On the Sunday morning of our trip, our son got us up bright and early and we had a light breakfast in the hotel, and then took a relaxed and fun drive through middle Tennessee to get to Chattanooga for lunch. Instead of going the usual way (I-24), since we were a little east of Nashville on I-40, we just continued that way for 40-odd miles, and then, around Cookeville, picked up TN-111 and went south, up and down over a couple of mountains. We’d seen the southern edge of this road once before, in the summer of 2010, when we visited Fall Creek Falls State Park. It’s all very, very pretty.
TN-111 feeds into US-27 around Soddy-Daisy, and we took that south to TN-153, and that across the Chickamauga Dam to TN-58, and that’s where you’ll find a tiny little barbecue joint, one of the few in the area that’s open on Sundays, next door to an Ace Hardware. Hwy 58 BBQ has been open for a little more than ten years, mainly doing take-out. There’s a small patio between their ordering window and their smokehouse room with space for about ten guests.
In some of our recent chapters about barbecue, I’ve mentioned how the once-dominant style of Atlanta barbecue, chopped pork served with a ladle of thick, mildly sweet sauce, has been somewhat supplanted by pulled pork without sauce. In Chattanooga, however, this older style is still the dominant one, and is seen at most of the area’s restaurants. A $7 pork plate here is almost exactly like what a $7 pork plate looked like at the majority of restaurants in Atlanta fifteen years ago. I thought this was pretty good pork, but there was way too much sauce, overpowering the meat completely. I do hate myself when I forget to ask for the meat dry.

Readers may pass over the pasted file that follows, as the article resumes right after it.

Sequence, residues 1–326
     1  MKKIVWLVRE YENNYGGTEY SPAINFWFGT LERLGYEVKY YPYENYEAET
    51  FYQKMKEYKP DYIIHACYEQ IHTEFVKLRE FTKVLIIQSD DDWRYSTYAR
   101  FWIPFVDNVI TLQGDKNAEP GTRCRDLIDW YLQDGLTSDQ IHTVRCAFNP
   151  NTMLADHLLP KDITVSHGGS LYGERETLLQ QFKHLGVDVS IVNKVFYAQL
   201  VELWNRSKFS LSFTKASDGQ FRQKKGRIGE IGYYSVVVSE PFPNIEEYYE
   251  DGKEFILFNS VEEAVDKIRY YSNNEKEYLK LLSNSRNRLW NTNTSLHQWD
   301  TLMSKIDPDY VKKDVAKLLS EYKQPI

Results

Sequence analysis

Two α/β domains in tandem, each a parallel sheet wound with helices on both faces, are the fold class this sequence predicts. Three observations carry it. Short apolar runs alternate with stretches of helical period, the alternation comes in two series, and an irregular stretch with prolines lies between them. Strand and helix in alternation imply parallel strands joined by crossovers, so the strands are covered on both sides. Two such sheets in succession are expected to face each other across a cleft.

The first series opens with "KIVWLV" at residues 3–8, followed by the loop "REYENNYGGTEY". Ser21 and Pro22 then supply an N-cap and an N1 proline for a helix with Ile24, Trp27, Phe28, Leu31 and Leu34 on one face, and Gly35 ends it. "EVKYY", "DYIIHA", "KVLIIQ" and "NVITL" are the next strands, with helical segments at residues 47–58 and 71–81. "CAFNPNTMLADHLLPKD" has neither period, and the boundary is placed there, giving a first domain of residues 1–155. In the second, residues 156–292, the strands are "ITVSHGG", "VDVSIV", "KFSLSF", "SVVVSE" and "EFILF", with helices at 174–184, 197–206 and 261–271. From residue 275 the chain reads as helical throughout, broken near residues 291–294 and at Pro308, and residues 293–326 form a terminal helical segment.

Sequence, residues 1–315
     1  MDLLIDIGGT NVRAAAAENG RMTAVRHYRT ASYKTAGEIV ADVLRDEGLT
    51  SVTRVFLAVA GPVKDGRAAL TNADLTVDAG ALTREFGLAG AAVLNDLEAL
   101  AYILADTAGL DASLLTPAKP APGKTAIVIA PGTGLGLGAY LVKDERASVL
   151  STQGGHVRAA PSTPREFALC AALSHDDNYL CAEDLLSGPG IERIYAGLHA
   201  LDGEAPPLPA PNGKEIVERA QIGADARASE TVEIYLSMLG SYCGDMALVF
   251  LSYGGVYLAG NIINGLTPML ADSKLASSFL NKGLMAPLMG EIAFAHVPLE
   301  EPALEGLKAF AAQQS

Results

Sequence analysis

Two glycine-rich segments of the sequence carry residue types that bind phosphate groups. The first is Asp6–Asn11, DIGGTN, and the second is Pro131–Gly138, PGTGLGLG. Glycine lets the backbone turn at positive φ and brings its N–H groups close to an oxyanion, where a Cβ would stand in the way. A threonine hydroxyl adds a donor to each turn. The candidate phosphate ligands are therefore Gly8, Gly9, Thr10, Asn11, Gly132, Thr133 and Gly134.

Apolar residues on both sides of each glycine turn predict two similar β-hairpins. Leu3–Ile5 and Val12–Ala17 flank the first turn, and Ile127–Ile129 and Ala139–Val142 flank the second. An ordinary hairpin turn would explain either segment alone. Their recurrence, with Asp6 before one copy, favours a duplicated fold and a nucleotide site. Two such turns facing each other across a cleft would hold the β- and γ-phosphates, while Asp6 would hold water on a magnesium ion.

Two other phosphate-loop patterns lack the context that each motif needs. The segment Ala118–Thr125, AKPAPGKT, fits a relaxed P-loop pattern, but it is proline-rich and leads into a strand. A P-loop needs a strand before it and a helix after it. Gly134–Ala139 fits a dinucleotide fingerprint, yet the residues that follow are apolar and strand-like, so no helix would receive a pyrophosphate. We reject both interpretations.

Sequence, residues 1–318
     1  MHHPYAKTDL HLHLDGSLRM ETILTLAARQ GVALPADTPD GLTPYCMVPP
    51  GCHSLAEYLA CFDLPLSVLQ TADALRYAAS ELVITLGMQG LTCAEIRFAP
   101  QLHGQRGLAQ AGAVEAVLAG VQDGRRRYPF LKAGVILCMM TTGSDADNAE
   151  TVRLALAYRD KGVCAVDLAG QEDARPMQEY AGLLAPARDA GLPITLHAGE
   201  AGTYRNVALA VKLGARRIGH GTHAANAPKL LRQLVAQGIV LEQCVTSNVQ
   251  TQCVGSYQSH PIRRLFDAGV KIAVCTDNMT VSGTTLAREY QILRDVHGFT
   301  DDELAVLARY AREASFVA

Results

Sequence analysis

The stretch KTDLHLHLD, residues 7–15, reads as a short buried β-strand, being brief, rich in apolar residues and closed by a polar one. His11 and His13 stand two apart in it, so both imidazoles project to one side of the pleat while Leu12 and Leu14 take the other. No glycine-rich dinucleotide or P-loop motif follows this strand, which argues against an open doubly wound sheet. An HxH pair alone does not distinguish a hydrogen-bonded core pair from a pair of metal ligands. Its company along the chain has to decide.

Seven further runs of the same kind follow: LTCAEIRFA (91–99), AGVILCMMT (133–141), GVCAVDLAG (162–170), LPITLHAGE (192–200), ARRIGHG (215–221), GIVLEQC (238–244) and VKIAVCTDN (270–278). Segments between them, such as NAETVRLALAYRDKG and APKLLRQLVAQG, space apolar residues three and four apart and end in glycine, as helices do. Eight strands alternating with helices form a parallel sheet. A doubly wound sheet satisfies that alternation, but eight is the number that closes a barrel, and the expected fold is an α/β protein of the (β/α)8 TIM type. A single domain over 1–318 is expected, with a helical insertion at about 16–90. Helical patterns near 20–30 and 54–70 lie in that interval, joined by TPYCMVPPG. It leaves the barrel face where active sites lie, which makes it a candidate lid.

They also offer a “killer potato” which is packed with your choice of meats, sour cream, butter, and cheese, and then drowned in barbecue sauce. Plus there are the expected burgers and hot dogs and chicken tenders for the non-barbecue members of your party. Because the girlchild insisted on the killer potato, our total came to around $25 for the four of us; I would have preferred to have spent a little less money and simply ordered “The Tennessean,” a very reasonably-priced $18.29 meal with either pork or beef, baked beans, potato salad, and cole slaw for four.
I thought this was a pretty good meal, and while I believe that I would have enjoyed it more without all the sauce, I did like it better than the barbecue we had the previous evening. Marie was also pleased, but underwhelmed. The girlchild was taken aback by her potato having so much sauce, which was too sweet for her liking, and wasn’t happy about her lunch at all. So we left without the wow factor that we had hoped for, but I also think that playing with the menu a little more carefully might have pleased everybody more. It’s probably worth another visit sometime to give them another chance.
Are you planning a barbecue road trip? You can see all the barbecue restaurants that we have visited for our blog (more than three hundred!) on this map, with links back to the original blog posts!